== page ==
Simon Jones, Volunteer 2012
The project was brilliant! It is quite different to other volunteering projects I have done before as it is a very new project and a lot of the work is getting things set up for the project, like driving new roads on the reserve to mark them on a GPS. When I was there we tracked the rhino most days, along with elephant and buffalo. There is a drought at the moment so everything is very dry and as a result we had to give some supplemental food to the buffalo each day. Camp is great and very relaxed. The rooms are rondavels with 4 sharing each (if there are that many of you - when I was there there were only 2 of us so we had our own room each!). Adam will still be at the project when you are there, and he is a great project leader. I run an organisation called Helping Rhinos and have written a report of my trip, which has just been approved by the person who runs the project.
Peggy Vaucher, Volunteer 2012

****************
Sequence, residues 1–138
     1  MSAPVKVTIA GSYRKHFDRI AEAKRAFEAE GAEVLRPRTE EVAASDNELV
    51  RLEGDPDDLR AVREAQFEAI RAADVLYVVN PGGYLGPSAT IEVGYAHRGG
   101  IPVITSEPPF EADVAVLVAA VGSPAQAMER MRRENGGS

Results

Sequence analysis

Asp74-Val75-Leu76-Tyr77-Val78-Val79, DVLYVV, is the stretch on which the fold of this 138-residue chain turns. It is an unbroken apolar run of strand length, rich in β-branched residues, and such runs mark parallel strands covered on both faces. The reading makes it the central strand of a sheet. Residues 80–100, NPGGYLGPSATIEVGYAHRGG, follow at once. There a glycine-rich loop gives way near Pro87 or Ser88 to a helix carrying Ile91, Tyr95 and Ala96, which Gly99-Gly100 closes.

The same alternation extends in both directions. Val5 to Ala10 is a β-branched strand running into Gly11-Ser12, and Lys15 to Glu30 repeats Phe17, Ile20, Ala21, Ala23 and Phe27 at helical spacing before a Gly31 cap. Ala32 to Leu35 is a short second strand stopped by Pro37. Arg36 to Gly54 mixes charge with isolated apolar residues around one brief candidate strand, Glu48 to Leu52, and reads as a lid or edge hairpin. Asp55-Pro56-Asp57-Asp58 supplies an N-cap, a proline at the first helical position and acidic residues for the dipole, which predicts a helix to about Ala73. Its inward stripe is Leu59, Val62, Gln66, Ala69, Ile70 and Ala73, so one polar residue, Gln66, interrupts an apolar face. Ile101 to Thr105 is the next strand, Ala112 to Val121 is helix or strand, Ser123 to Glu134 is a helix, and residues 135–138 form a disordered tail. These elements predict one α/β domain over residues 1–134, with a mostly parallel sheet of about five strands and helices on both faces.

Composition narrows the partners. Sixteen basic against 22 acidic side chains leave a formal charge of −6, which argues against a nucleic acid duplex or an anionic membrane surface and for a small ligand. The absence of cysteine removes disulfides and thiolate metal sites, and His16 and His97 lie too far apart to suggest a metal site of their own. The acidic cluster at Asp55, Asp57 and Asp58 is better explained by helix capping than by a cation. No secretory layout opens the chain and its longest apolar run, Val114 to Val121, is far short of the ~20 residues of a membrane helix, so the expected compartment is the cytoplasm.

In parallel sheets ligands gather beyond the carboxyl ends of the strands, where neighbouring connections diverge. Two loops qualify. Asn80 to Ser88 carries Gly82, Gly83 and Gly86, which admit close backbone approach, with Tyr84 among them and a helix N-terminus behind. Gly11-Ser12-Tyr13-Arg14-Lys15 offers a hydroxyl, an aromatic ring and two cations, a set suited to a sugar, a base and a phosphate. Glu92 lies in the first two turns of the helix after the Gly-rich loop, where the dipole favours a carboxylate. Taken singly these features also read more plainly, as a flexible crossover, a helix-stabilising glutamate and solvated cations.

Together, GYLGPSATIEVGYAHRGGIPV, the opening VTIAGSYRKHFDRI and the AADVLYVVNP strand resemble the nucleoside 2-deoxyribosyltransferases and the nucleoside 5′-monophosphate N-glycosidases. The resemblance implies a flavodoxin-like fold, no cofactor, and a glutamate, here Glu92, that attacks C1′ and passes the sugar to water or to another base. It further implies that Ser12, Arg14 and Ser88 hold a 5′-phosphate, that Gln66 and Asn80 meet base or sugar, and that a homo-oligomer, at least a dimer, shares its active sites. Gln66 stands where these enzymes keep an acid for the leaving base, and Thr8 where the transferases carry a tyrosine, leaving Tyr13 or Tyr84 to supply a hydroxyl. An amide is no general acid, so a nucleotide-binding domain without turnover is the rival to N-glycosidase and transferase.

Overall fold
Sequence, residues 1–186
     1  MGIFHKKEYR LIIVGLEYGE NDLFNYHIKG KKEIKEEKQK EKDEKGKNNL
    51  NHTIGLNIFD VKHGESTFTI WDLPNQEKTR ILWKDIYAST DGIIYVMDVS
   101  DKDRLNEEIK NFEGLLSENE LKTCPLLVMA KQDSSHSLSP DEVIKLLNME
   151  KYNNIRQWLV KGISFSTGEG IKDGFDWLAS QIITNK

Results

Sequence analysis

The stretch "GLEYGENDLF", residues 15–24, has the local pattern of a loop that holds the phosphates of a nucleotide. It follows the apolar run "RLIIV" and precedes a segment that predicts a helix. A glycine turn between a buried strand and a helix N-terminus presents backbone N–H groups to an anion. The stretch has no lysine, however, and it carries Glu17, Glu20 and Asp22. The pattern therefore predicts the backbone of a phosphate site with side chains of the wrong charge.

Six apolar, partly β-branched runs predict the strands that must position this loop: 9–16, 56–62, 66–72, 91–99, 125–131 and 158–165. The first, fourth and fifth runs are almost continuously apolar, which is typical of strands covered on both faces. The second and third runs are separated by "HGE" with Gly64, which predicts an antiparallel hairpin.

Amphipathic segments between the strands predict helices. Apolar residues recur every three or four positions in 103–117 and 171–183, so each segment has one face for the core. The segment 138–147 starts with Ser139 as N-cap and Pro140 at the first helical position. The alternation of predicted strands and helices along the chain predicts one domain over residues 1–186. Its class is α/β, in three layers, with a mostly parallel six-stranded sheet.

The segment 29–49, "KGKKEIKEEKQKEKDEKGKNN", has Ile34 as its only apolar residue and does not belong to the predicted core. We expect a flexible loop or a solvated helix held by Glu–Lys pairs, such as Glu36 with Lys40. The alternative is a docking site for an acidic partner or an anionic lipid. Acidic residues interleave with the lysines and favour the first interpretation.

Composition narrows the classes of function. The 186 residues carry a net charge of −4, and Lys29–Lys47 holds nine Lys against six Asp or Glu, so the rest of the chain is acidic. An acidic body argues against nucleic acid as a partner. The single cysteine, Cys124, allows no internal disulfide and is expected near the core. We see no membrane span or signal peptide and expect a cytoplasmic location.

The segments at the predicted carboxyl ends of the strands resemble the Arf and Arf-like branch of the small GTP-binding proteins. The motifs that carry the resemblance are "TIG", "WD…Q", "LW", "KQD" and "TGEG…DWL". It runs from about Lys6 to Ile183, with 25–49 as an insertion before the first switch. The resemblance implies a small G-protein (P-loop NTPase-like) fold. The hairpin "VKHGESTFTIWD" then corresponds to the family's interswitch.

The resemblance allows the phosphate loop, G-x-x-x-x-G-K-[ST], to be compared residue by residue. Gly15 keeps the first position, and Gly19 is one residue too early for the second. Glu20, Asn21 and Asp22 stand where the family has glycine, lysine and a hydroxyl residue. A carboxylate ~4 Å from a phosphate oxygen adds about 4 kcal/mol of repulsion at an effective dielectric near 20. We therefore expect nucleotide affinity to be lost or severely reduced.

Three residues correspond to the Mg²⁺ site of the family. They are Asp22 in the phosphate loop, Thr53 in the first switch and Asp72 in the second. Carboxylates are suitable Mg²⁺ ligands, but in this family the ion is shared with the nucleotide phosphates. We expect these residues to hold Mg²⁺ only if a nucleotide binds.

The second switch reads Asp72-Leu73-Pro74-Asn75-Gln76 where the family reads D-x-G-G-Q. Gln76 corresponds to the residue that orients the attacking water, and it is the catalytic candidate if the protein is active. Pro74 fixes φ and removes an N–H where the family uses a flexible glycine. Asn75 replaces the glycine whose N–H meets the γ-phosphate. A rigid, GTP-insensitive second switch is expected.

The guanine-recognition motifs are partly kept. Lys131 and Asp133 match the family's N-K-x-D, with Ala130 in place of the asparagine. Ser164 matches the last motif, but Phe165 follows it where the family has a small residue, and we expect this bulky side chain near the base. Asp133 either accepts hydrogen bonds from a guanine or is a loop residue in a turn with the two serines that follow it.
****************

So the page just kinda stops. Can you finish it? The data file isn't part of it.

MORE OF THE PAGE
Last Friday we joined a team to dart a rhino and a buffalo. Our job was to track the rhino and radio the location to the helicopter pilot on standby. We didn't actually see the rhino but found her tracks so knew she was in the area. We didn't see the actual darting as it is done from a helicopter by a vet. The drugs used to dart a rhino are very powerful and can only be administered by a vet. Once darted the pilot radios the ground crew (us) and we move in to affix a collar. I got to hold the rhino's leg so she wouldn't kick Anthony (the project Coordinator) who was putting the collar around her ankle. I felt her leathery hide and she was quite warm... Water is poured over her to keep her cool. Luckily it was cloudy. She was a beautiful rhino ...after the darting I was overcome with emotions. What a privilege to be so close to such an amazing animal. It breaks my heart that her species may not survive on this planet because of the greed of humans. I hope I've helped in a small way to help protect her kind.